Pancreatic-type Mixed Acinar-neuroendocrine Carcinoma of the Stomach: A Case Report and Literature Review
1Department of Pathology, H. Lee Moffitt Cancer Center and Research Institute, Tampa, FL, U.S.A.
2Department of Pathology, Florida Digestive Health Specialists, Bradenton, FL, U.S.A.
Pancreatic mixed acinar-neuroendocrine carcinomas (PMANECs) are rare tumors of the pancreas which were first described in the early 1990s by Klimstra
A 63-year-old woman presented with belching and heartburn. An esophago-gastroendoscopic examination identified a stricture in the distal esophagus. An ulcerated area along the stomach’s greater curvature was also identified, and an adjacent small nodule, 7 mm in size, was biopsied. A low-grade neuroendocrine tumor was diagnosed. A computerized tomographic scan of the abdomen showed hepatic hemangiomas, and a follow-up endoscopic ultrasound revealed a 10 mm submucosal nodule on the anterior wall of the stomach and diffuse nodular mucosa of the gastric cardia. A hypoechoic round mass involving the submucosa was also identified on the greater curvature of the stomach. The patient underwent a gastric wedge resection. The gross examination identified a 1.2×0.6×0.5 cm mass, which was diagnosed as a PMANEC. The Ki67 proliferation index was 15% in the solid component and 2% in the neuroendocrine component. The carcinoma was staged as T1NxMx according to the American Joint Committee on Cancer classification. Ectopic pancreatic tissue was not histologically identified. Magnetic resonance imaging was performed and showed no evidence of metastatic disease and a normal-appearing pancreas. The patient was placed on a surveillance program and, at the time of this report, is alive and without radiographic evidence of tumor recurrence.
We present a case of PMANEC of the stomach, which was initially misdiagnosed as a gastric low-grade neuroendocrine tumor. Gastric PMANEC is extremely rare. A review of the English literature on this entity revealed only 13 published cases (6-9,12,13). MANEC is a variant of pancreatic acinar cell carcinoma, which was included in the 2017 WHO Classification of Tumors of Endocrine Organs (3). By definition, a PMANEC must contain a component of neuroendocrine cells that constitutes at least 30% of the total tumor (3). Adherence to this criterion is important because approximately 42% of acinar cell carcinomas may contain scattered endocrine cells (1,2).
Our examination of the PMANEC cases hitherto reported in the English literature showed these tumors to be more common in men, with the average age of diagnosis ranging from 52 to 86 years. Most PMANECs, including our case, exhibit a heterogeneous pathology, with distinct acinar and neuroendocrine regions identifiable by light microscopy and immunohistochemistry. However, some PMANECs show a uniform cell population with two lines of differentiation when tested by immunohistochemistry (7,12). Our case is similar to that reported by Fukunaga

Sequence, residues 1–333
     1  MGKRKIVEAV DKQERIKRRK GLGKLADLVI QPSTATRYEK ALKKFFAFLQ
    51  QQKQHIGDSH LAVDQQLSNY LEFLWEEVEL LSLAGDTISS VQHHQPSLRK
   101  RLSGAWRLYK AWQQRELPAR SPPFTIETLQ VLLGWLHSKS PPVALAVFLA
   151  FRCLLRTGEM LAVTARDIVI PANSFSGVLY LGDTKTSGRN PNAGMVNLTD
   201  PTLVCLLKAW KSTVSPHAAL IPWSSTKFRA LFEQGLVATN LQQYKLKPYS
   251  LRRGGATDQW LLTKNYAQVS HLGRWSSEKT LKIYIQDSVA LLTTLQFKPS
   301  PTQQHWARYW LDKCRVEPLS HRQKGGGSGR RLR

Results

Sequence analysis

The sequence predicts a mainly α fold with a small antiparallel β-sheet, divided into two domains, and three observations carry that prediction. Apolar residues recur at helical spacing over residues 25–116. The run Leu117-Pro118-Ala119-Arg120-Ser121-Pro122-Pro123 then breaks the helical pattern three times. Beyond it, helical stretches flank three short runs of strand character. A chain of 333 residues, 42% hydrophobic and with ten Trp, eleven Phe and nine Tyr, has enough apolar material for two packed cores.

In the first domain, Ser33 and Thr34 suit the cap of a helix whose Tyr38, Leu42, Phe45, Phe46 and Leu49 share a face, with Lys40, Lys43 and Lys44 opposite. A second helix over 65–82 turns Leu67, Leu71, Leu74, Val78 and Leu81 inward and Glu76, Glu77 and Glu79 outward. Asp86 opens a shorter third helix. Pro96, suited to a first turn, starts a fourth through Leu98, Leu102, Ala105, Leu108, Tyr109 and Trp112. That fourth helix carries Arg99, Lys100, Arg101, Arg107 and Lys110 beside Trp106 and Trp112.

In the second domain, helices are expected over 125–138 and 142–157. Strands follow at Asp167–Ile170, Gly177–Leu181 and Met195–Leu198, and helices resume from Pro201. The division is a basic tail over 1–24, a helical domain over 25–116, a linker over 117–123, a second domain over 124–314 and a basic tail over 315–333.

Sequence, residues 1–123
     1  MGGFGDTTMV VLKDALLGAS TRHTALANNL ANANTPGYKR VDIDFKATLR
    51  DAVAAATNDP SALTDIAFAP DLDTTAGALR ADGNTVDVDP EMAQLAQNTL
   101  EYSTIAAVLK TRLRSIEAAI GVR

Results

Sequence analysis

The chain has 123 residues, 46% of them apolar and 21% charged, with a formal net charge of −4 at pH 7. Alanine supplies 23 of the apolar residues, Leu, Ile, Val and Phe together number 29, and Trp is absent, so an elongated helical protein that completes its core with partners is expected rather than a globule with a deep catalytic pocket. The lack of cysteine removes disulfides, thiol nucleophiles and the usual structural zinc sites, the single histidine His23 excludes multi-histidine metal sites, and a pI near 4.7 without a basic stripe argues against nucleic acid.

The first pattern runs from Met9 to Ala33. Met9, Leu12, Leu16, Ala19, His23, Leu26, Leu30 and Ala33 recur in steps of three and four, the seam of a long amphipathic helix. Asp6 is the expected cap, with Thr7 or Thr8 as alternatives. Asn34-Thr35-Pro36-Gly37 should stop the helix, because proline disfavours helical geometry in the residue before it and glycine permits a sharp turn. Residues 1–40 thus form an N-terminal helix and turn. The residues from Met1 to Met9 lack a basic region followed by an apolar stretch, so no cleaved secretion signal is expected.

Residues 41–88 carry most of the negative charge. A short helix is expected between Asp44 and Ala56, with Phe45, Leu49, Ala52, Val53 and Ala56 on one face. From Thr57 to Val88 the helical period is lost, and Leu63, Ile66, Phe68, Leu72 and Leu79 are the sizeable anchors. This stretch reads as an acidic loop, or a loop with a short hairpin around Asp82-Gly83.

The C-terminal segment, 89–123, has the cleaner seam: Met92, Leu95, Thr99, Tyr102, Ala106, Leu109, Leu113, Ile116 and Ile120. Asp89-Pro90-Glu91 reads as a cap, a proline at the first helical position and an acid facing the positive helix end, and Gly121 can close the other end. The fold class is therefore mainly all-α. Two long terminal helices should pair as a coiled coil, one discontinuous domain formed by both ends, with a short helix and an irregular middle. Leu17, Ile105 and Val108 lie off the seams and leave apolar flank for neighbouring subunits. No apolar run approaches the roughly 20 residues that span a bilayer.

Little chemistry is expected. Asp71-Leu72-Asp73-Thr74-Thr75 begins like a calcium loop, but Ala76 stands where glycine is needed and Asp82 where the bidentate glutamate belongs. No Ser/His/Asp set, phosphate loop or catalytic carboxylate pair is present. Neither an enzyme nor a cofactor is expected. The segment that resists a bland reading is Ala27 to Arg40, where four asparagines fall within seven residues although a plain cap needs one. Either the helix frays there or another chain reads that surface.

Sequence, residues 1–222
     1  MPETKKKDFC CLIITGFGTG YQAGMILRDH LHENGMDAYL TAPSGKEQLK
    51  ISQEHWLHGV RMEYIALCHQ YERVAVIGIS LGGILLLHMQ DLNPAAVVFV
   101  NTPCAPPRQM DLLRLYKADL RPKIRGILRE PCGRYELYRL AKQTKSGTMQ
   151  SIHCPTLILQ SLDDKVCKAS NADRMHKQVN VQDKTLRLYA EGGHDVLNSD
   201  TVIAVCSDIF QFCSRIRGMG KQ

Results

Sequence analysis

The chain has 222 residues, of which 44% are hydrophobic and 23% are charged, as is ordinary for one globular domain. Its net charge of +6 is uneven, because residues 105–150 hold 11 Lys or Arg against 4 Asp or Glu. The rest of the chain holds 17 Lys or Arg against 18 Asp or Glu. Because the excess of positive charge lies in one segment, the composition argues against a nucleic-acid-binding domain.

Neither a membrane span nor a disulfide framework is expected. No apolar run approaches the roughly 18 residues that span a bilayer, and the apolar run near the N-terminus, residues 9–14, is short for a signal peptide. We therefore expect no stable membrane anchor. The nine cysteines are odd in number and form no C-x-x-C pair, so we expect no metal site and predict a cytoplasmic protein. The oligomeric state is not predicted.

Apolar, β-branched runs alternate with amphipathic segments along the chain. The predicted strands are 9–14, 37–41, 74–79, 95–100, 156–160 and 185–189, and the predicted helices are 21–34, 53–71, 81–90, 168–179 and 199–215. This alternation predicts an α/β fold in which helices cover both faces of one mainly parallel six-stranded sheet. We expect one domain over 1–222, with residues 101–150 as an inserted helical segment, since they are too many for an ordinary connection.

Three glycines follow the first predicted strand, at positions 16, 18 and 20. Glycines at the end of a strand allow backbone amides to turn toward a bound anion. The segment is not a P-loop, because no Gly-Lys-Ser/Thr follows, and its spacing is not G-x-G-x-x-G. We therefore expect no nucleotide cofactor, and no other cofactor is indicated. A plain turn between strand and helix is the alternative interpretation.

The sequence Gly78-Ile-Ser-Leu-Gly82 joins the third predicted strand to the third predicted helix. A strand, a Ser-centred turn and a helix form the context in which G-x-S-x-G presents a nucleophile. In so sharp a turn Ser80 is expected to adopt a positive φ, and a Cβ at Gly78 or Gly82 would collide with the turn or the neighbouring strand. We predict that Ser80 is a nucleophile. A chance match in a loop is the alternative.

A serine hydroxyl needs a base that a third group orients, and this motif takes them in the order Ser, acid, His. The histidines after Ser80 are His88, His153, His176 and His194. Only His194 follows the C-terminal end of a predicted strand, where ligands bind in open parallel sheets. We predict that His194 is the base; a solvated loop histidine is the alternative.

The origin of gastric PMANEC has been debated, and two hypotheses have been proposed: The first is that gastric PMANEC arises from foci of pancreatic heterotopia or pancreatic acinar metaplasia of the gastric mucosa (10,11); in the second, gastric PMANEC represents the bidirectional differentiation of pluripotential stem cells undergoing tumorigenesis (6,7,14). A heterotopic pancreas is uncommon, is usually found in the duodenum or in the gastric pyloro-antral region and is typically submucosal. Although the arising of ductal adenocarcinomas from ectopic pancreas is well documented (13,14), heterotopic pancreas was not observed in any of the gastric PMANECs reported to date, including our case. However, in one of the reported cases, pancreatic acinar metaplasia of the gastric mucosa was described near the gastric PMANEC. In addition, it is also possible that gastric MANEC derives from mucosal pluripotential stem cells (15), which, once transformed, are capable of giving origin to tumors with acinar and neuroendocrine differentiation.
The molecular characterization of the gastric MANECs reported by Fujita
No molecular analysis was performed on our case. The precise prognosis and sensitivity to chemotherapy of this type of gastric tumor is unknown because of the small number of cases reported to date. Importantly, the original biopsy of our tumor only contained the neuroendocrine component, which was misdiagnosed as a low-grade gastric neuroendocrine tumor. Therefore, it is important to consider this diagnosis when performing a biopsy of a gastric mass showing neuroendocrine differentiation.
In conclusion, we reported a case of gastric MANEC which was misdiagnosed as a gastric neuroendocrine tumor on the initial biopsy containing only the neuroendocrine component. We reviewed the cases of this entity that have been reported to date. Additional studies are needed to clarify the pathogenesis, prognosis, and treatment options for this rare cancer.
Conflicts of Interest
The Authors have no conflicts of interest to report.
James Saller participated in staining interpretation and formulation of the diagnosis and drafted the article; Brooke Hough collected and tabulated the clinical pathological data and contributed to retrieving and cataloguing the references; Domenico Coppola designed the study, finalized the diagnosis, supervised the study and finalized the article.
Editorial assistance was provided by the Moffitt Cancer Center’s Office of Scientific Writing by Dr. Paul Fletcher and Daley Drucker. No compensation was given beyond their regular salaries.